The Monastery of Santa Chiara is one of the most famous churches in Naples and perhaps one of the most loved by the Neapolitans themselves. His external sobriety hides a rich and precious heart. Its majolica cloister is an unexpected and contrasting little treasure with the sobriety of the large church in the heart of the historic center of Naples.
Even if the weather is cloudy, a weak beam of light perfectly illuminates the center of the kiosk and reflects on the majolica making them shine.
The wonderful cloister was designed by Antonio Vaccaro in 1739, he kept the Gothic line of the whole complex but the majolica embellished it.
In Neapolitan these tiles are called Riggiole and were the work of the genius of Donato and Giuseppe Massa.
The riggiole, however, do not represent sacred images but rather, reflect the daily life of Naples of the time; a sort of window on the world, the only one available to the Poor Clares, devoted to the cloister.
The beautiful columns are instead surrounded by majolica that represent grape shoots symbol of a generous and lush nature .
It surrounds the majolica cloister, a large porch completely frescoed with Franciscan stories and walls, always covered with colorful majolica
In the original project, the entrance to the cloister was made by the Church of Santa Chiara, a large staircase, rather high lets glimpse all the beauty of the cloister, a breathtaking spectacle, yesterday as today.
You can not miss inside the complex of Santa Chiara, the beautiful museum that collects a bit the whole history of the Church from 300 to 700.
It starts with the external archaeological area that collects the remains of the Roman baths found under the church.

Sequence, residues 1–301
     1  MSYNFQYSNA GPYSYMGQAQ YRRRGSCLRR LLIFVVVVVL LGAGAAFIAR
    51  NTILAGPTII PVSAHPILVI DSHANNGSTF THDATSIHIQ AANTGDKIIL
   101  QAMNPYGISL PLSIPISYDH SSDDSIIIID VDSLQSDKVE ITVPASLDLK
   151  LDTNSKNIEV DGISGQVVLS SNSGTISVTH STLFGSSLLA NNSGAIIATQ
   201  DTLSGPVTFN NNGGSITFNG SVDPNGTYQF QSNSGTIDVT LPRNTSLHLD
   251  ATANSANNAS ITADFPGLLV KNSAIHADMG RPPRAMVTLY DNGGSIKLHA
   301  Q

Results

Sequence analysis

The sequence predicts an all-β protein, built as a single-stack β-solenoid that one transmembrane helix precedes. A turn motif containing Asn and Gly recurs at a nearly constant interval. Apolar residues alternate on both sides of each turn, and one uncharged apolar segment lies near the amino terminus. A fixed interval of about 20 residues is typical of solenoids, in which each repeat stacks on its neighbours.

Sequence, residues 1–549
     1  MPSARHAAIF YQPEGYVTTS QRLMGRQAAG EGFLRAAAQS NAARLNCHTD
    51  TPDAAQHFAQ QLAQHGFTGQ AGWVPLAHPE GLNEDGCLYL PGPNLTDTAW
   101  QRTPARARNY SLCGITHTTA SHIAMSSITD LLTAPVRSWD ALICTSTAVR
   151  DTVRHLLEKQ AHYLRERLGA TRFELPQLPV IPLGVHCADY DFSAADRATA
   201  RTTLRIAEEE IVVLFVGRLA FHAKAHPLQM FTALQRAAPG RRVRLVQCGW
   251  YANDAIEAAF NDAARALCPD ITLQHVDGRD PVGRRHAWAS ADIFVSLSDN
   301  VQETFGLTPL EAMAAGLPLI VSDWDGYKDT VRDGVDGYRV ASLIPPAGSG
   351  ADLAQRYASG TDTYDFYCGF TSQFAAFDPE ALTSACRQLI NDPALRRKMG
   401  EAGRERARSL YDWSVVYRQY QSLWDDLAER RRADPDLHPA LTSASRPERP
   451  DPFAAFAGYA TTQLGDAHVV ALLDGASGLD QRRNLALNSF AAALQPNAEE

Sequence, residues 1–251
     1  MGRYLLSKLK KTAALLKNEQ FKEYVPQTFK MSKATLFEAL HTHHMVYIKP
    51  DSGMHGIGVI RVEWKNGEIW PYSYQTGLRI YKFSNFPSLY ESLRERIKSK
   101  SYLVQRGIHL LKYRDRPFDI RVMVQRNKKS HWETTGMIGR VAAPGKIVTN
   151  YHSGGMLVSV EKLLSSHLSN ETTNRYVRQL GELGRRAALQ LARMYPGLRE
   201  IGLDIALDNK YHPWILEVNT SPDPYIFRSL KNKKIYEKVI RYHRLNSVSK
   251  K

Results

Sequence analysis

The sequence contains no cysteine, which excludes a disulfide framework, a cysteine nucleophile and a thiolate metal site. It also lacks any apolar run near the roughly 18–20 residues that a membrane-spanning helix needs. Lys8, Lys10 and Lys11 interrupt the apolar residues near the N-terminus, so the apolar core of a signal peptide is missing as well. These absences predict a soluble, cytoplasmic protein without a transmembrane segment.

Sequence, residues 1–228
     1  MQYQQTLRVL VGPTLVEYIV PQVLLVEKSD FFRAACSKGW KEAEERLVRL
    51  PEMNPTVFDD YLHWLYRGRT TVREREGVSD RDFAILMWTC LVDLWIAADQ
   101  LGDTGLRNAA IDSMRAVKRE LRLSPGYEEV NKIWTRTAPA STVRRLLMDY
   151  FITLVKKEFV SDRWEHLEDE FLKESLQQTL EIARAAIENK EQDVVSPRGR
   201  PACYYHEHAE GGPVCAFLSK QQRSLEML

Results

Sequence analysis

The intimate environment of this room is interrupted by the beginning of the white marble room, where there are fragments of the original church, such as the bas-relief of Saint Catherine and other fragments such as those of the balustrades of the terraces of the cells of the poor clares.
The atmosphere becomes warm and sacred again in the room at the upper level dedicated to the exhibition of silver reliquaries, wooden sculpturesand precious brocade fabrics.
Do not conclude your visit without first being surprised for the umpteenth time: You will also be enchanted by the wonderful eighteenth-century crib.
This splendid realization belonged to the collection of Ferdinand IV of Bourbon, the King ‘big nose’, who was a real admirer of this Neapolitan art.
What amazes us is not so much the size of this crib, but the infinity of meticulous details: the precious fabrics, hand-painted majolica, the precise faces of all the characters on the crib and other details, small and large that can be seen in the landscape.
The faithful reconstruction of the Naples of 700 is broken by the nativity which is represented in a classical way, inside the ruins of a Roman temple.
A show from which it is difficult to break away, it seems almost a game to those who find more details and to those who are more surprised in front of so much art.